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Vocapedia > Time > Christmas > Nativity story




Gasoline Alley


by Jim Scancarelli


December 25, 2011



















Jeff Parker


Florida Today


3 December 2010















in the Holy Land        UK










Bethlehem        UK















west bank > Bethlehem        USA










Bethlehem Christians        December 2012        UK










Jesus        UK










the traditional birthplace of Jesus


the Church of the Nativity,

in the West Bank town of Bethlehem


first constructed in the fourth century

over the grotto

where tradition says Jesus was born



christmas-in-bethlehem.html - 2016




















Manger Square near the Church of the Nativity        USA        2005






St Catherine's church in Bethlehem        UK        2012






Grotto of the Nativity        UK        2012


a 14-point silver star

set into a marble slab marks the spot

where Jesus is believed

to have been born






Midnight mass at St Catherine's        UK        2012






Bethlehem's Manger Square

flanked by the Church of the Nativity at one end

and St Omar's mosque at the other






The Latin Patriarch

the most senior Catholic figure in the Holy Land






Christmas tree
















nativity        UK






The Nativity Story










art's best nativity scenes        2012


Whatever your beliefs,

these Renaissance nativity scenes by artists

such as Piero della Francesca and Sandro Botticelli

are peaceful and beautiful. Merry Christmas






Cartoons > nativity        USA        2007






film / movie > The Nativity Story        2006







the infant Jesus





cartoons > Cagle > Nativity        December 2010






The Epiphany of Our Lord /

Epiphany / January 6 / Three Kings' day / Twelfth Day / Twelfthtide






on January 6th, or twelfth night,

the last of the 12 days of Christmas





the star of Bethlehem





the Magi / the three kings / the three wise men / Melchior, Gaspar, & Balthasar








the Adoration of the Magi

- the three kings bringing gifts to the Christ Child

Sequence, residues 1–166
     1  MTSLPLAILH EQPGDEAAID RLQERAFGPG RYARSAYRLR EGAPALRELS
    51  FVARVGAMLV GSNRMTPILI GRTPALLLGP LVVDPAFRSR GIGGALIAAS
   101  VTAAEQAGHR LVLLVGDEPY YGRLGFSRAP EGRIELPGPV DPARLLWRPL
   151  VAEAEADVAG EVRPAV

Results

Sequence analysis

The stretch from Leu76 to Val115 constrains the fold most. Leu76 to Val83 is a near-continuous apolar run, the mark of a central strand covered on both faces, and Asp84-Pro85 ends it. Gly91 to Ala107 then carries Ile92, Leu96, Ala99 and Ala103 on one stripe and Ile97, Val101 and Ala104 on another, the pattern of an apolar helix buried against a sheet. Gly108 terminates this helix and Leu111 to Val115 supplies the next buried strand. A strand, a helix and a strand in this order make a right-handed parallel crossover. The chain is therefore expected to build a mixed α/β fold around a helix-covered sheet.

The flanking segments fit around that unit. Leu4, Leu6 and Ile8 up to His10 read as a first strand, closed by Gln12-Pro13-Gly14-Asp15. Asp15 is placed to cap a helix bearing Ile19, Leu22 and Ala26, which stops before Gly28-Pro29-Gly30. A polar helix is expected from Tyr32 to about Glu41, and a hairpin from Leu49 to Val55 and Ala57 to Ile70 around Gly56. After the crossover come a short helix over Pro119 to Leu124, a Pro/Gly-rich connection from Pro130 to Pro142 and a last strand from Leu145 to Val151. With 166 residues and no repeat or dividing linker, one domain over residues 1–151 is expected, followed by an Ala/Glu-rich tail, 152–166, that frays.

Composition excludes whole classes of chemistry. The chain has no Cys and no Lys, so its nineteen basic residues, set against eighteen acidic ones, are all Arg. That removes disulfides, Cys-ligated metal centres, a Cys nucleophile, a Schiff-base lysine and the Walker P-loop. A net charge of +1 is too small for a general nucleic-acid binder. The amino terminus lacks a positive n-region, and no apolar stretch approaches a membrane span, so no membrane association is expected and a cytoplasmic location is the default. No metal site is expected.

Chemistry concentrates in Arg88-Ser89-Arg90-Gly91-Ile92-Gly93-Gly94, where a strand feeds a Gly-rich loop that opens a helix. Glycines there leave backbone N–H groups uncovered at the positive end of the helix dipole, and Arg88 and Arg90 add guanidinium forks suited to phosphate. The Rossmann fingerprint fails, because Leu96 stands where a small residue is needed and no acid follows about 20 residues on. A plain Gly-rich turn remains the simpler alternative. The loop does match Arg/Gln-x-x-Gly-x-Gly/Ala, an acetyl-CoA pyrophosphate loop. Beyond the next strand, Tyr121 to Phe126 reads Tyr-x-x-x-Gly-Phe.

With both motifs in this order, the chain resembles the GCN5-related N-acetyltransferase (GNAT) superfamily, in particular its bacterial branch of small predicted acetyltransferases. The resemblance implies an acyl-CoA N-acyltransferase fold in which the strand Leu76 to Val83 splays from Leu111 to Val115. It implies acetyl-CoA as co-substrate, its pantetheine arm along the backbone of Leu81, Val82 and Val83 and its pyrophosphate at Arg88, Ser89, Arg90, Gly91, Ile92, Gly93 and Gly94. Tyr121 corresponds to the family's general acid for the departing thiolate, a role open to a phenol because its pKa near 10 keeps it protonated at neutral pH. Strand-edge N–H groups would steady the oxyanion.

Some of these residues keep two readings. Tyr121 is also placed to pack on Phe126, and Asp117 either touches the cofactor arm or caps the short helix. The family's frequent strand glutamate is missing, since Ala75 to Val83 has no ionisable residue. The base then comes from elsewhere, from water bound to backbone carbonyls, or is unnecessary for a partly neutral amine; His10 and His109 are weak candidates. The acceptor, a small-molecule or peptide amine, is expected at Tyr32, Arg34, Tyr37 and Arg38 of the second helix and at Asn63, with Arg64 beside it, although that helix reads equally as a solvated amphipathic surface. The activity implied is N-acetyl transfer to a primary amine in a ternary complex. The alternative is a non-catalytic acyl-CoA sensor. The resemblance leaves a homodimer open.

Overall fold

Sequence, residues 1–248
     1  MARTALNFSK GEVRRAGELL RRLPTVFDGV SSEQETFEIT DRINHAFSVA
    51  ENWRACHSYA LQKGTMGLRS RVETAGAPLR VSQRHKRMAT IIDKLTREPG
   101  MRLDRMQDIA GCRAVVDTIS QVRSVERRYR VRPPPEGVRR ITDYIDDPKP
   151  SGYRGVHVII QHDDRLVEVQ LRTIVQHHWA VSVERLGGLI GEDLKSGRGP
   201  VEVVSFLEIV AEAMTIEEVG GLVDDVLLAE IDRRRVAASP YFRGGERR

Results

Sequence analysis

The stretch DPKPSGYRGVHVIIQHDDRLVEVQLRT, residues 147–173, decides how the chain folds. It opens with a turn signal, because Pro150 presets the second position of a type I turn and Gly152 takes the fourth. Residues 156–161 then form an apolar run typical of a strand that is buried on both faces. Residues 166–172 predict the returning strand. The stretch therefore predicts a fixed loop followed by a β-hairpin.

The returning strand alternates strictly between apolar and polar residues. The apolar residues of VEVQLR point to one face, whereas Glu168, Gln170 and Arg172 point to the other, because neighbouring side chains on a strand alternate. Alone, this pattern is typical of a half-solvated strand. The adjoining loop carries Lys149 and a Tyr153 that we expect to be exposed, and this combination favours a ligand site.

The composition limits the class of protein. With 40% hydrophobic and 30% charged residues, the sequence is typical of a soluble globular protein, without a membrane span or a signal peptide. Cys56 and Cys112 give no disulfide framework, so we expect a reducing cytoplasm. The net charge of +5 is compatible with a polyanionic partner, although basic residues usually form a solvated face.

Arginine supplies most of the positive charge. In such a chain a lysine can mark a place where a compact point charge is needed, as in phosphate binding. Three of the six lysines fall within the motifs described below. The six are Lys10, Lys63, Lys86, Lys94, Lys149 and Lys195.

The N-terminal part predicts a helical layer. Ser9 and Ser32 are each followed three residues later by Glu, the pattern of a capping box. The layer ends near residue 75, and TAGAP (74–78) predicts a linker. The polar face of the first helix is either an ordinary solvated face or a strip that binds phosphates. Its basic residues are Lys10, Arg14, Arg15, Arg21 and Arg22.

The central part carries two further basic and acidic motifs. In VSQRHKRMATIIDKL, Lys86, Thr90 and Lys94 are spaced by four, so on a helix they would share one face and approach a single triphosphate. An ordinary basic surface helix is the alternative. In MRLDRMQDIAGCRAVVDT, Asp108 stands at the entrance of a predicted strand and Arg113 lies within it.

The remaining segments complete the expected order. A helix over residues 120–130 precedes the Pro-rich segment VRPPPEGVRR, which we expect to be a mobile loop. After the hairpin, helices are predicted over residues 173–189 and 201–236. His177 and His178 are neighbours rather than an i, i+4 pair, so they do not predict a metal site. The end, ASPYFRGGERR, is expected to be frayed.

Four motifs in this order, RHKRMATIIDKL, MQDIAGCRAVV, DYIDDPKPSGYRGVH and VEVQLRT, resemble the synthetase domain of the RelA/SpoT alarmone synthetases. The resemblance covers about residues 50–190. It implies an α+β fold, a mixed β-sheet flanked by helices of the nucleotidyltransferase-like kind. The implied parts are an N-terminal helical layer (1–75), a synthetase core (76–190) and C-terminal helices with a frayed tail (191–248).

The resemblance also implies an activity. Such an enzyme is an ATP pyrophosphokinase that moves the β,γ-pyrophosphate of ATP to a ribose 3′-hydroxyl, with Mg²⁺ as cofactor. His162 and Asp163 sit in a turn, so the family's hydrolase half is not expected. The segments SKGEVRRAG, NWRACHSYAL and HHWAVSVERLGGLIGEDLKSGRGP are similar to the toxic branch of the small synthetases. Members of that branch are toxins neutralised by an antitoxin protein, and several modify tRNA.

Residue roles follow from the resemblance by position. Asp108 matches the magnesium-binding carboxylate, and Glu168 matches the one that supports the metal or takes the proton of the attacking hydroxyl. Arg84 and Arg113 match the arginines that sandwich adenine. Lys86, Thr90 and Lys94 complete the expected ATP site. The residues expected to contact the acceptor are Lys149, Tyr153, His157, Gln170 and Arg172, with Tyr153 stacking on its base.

twelve days after his birth











crèches / nativity scenes        USA






manger        USA








crib        UK



















Steve Breen


The San Diego Union-Tribune


16 November 2010


















Tab (Thomas Boldt)


The Calgary Sun

Alberta, Canada


















16: And Jacob begat Joseph the husband of Mary,
of whom was born Jesus, who is called Christ.


17: So all the generations from Abraham to David
are fourteen generations;
and from David until the carrying away into Babylon
are fourteen generations;
and from the carrying away into Babylon unto Christ
are fourteen generations.


18: Now the birth of Jesus Christ was on this wise:
When as his mother Mary was espoused to Joseph,
before they came together,
she was found with child of the Holy Ghost.


19: Then Joseph her husband, being a just man,
and not willing to make her a publick example,
was minded to put her away privily.


20: But while he thought on these things,
behold, the angel of the Lord appeared unto him in a dream,
saying, Joseph, thou son of David,
fear not to take unto thee Mary thy wife:
for that which is conceived in her is of the Holy Ghost.


21: And she shall bring forth a son,
and thou shalt call his name JESUS:
for he shall save his people from their sins.


22: Now all this was done, that it might be fulfilled
which was spoken of the Lord by the prophet, saying,


23: Behold, a virgin shall be with child, and shall bring forth a son,
and they shall call his name Emmanuel,
which being interpreted is, God with us.


24: Then Joseph being raised from sleep
did as the angel of the Lord had bidden him,
and took unto him his wife:


25: And knew her not till she had brought forth her firstborn son:
and he called his name JESUS.


Holy Bible > New Testament

Matthew, King James Version, 1611

parsed&tag=public&part=1&division=div1 - broken link


















David Parkins


The Guardian       p. 29

27 December 2005


Related > Gaza strip barrier / border wall


















Corky Trinidad


The Honolulu Star-Bulletin


6 December 2005
















Corpus of news articles


Vocapedia > Time >


Christmas > Nativity story




Pope Speaks of Solace

for ‘Tortured Regions’


December 25, 2007

Filed at 7:13 a.m. ET


The New York Times


VATICAN CITY (AP) -- Pope Benedict XVI issued a Christmas Day appeal Tuesday to political leaders around the globe to find the ''wisdom and courage'' to end bloody conflicts in Darfur, Iraq, Afghanistan and Congo.

Benedict delivered his traditional ''Urbi et Orbi'' speech -- Latin for ''to the city and to the world'' -- from the central balcony of St. Peter's Basilica, blessing thousands of people gathered in the square below under a brilliant winter sun.

Wearing gold-embroidered vestments and a bejeweled bishops' hat, or miter, Benedict urged the crowd to rejoice over the celebration of Jesus Christ's birth, which he said he hoped would bring consolation to all people ''who live in the darkness of poverty, injustice and war.''

He mentioned in particular those living in the ''tortured regions'' of Darfur, Somalia, northern Congo, the Eritrea-Ethiopia border, Iraq, Lebanon, Israel and the Palestinian territories, Afghanistan, Pakistan, Sri Lanka and the Balkans.

''May the child Jesus bring relief to those who are suffering and may he bestow upon political leaders the wisdom and courage to seek and find humane, just and lasting solutions,'' he said.